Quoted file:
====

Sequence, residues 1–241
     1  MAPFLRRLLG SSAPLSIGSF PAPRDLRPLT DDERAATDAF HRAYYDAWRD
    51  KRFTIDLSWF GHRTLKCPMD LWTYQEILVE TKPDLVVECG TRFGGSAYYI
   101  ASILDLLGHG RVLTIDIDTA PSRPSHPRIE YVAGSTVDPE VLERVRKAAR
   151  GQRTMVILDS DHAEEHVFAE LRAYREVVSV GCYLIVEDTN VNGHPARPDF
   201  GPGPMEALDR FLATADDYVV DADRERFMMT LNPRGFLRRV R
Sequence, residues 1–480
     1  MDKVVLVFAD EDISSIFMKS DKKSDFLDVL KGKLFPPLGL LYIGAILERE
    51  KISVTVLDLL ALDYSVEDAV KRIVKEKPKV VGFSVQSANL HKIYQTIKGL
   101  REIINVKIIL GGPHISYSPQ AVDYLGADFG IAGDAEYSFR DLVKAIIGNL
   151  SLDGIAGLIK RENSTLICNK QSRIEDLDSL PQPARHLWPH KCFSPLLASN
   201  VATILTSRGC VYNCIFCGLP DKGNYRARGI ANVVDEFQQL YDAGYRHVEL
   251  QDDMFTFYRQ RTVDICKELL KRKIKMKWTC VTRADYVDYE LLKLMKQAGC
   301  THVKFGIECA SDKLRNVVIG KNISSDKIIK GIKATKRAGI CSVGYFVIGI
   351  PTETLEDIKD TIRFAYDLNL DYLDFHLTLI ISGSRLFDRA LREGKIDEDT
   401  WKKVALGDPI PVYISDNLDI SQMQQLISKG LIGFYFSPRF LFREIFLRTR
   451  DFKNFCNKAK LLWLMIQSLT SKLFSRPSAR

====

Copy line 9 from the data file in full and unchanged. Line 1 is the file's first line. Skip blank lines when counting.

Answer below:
    51  KISVTVLDLL ALDYSVEDAV KRIVKEKPKV VGFSVQSANL HKIYQTIKGL